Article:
Neon Nights:
Live In Europe

Heaven & Hell

Ozzy Osbourne may be the voice of Black Sabbath, but the riffs and overall musical structure are clearly the property of Tony Iommi and Geezer Butler. Take away Ozzy and add Ronnie James Dio, and the songs become a different animal — a more refined slice of metal that resonates far more with the name of Heaven & Hell than Black Sabbath. Under any name, the Iommi, Butler, Dio and Vinny Appice factor was always in a state of resolution — never quite fulfilling its potential in the early 80s, the early 90s or the mid to late 00s. The group was poised to keep the dream alive when Dio fell ill and lost his battle with cancer on May 16, 2010. For one of his last shows with Heaven & Hell in July 2009 at the Wacken festival in Germany, Dio showed no signs of wear, delivering a fisting-pumping performance captured by the cameras and now available on CD and DVD as Neon Nights: Live In Europe.

There may be tons of Dio tributes on the market, but nothing quite matches anything he did with this set of players, a group that consistently challenged the singer’s musicality. It starts from the get-go as the grind of “Mob Rules” opens the show on a strong note. Dio, as usual, is the gracious host, thanking everyone and introducing the next number — “Children of The Sea” — as the first song the group wrote together. After a dramatic run-through, they get downright dirty for “I,” a catchy riff from 1992’s Dehumanizer that beautifully encapsulates Iommi’s technique. Even at this point in time, you can’t mess with Iommi — dressed in black, a personalized guitar strap draped over his shoulder, the well manicured pencil-thin mustache and the ever-present cross around his neck. He remains the godfather of the heavy metal riff.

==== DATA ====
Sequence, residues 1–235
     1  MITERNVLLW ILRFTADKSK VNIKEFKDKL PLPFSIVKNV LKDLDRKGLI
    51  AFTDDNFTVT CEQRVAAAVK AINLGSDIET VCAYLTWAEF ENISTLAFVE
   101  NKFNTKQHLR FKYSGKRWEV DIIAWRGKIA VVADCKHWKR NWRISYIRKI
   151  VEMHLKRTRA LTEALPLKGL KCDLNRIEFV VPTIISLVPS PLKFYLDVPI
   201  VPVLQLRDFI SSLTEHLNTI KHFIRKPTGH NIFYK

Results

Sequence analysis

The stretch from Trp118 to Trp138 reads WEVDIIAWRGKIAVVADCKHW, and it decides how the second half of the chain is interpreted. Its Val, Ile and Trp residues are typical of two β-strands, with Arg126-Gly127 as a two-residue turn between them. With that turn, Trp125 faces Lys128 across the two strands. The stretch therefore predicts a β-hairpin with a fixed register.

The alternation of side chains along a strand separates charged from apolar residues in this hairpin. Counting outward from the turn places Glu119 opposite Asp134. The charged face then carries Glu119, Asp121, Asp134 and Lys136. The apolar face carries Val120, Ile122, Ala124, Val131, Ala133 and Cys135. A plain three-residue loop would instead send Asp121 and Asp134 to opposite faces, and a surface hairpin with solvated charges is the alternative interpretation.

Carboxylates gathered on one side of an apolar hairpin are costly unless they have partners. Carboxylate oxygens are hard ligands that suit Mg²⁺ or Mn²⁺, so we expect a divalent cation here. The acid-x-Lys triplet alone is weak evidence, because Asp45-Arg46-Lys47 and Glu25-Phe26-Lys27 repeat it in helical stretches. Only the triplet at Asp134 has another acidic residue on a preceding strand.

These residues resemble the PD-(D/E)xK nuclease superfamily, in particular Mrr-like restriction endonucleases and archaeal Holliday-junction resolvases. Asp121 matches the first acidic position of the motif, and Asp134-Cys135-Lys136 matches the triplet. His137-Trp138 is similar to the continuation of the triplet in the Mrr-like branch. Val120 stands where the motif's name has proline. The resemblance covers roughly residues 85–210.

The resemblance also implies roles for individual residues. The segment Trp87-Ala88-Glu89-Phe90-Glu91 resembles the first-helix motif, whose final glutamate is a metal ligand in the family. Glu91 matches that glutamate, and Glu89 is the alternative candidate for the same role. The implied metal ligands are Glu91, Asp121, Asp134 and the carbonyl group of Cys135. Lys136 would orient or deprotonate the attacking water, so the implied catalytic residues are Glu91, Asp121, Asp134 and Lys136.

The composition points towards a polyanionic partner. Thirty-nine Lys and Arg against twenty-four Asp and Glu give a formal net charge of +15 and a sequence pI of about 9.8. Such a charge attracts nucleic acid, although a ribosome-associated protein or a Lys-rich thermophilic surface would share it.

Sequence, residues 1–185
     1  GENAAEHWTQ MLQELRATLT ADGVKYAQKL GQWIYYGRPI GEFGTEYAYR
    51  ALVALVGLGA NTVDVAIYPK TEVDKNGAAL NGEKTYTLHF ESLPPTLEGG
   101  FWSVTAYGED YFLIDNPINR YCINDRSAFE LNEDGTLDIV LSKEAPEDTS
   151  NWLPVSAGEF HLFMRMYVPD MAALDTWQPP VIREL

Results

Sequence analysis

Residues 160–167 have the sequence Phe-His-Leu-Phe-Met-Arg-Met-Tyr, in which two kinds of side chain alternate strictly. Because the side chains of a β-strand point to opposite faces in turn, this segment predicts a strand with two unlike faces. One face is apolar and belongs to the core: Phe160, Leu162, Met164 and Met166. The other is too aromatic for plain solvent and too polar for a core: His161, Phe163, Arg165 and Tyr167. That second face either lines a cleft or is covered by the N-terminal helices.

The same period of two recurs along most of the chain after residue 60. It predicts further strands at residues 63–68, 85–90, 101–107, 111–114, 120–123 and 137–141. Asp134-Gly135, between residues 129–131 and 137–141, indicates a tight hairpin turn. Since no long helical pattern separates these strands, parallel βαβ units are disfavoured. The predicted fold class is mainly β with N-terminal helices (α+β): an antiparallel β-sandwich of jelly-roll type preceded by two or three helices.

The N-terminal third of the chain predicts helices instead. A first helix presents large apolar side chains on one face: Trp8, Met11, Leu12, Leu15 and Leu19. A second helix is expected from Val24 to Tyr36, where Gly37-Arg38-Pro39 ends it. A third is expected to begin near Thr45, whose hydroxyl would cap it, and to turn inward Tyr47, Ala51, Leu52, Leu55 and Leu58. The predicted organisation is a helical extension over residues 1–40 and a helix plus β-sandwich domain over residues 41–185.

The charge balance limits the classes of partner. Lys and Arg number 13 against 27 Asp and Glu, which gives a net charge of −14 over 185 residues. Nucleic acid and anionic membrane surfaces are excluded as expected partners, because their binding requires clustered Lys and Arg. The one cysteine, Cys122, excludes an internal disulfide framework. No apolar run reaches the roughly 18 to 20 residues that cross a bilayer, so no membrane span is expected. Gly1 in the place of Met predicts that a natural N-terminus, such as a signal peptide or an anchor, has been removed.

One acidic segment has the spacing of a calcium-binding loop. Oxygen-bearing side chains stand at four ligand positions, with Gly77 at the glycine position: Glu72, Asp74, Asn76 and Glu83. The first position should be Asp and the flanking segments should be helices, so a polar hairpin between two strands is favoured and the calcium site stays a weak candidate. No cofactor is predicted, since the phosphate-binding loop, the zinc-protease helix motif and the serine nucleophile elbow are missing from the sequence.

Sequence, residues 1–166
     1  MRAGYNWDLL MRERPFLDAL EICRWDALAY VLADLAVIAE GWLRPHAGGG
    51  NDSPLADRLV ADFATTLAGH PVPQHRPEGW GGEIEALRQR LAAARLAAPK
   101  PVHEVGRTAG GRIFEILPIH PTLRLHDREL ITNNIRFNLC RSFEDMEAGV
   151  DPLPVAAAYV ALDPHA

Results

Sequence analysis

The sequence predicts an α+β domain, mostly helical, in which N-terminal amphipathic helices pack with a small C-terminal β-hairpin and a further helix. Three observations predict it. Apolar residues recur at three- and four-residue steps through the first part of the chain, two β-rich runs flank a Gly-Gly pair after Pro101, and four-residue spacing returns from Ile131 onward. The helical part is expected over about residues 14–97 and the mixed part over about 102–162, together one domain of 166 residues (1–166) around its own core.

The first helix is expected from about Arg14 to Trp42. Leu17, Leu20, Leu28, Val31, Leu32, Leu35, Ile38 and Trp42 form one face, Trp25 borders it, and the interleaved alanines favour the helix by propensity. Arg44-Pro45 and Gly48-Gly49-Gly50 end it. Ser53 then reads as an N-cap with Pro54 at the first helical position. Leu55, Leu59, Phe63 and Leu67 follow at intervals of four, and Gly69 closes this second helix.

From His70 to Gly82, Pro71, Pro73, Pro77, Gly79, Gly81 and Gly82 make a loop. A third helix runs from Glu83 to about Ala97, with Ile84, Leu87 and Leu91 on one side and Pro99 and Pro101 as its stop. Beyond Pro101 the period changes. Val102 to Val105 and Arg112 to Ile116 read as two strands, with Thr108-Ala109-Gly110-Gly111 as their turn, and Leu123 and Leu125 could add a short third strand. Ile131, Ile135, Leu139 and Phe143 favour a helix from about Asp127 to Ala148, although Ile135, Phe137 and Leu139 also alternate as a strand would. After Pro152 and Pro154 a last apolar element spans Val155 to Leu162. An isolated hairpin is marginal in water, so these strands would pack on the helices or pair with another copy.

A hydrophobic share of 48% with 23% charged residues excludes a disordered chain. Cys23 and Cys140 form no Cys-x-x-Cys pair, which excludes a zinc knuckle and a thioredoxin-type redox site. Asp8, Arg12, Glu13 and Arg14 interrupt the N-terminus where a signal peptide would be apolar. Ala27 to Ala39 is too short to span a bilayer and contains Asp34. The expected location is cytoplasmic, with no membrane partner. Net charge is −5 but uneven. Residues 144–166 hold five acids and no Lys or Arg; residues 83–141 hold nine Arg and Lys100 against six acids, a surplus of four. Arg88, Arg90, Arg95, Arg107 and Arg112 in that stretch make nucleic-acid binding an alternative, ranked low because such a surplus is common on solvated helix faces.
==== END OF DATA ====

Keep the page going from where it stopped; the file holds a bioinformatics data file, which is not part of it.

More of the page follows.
“Bible Black,” from The Devil You Know, the one and only Heaven & Hell studio album, plods along at a reasonable pace, but is quickly overtaken by “Time Machine,” another refugee from Dehumanizer. Butler’s rhythmical sense as a bassist comes to a boil before a rather pointless drum solo from Appice moves in for the kill. Fortunately, “Fear,” another new one, reels back the lost momentum. “Falling Off The Edge Of The World” and “Follow The Tears” leave indelible stamps of their own, but once Iommi steps out and revs the engines for “Die Young,” all bets are off. Only “Heaven & Hell” (not their theme song, by the way, but a vehicle for Dio’s most demonic performance) and the always brisk “Neon Knights” are able to break the spell, ending the set with a roundhouse kick to the membrane.

As if the DVD needed more credibility in providing a perfect and timely display of Dio’s talents, a series of interviews before and after the man’s passing underscore a shared and sacred respect amongst the group members that never seemed to diminish over the course of their bumpy, 30-year history together. Dio’s time with Rainbow and as a solo artist have back stories of their own, but his work with Tony Iommi, Geezer Butler and Vinny Appice will forever be cast in a classic metal mold that can never be replicated. What a shame it couldn’t have gone on.

~ Shawn Perry

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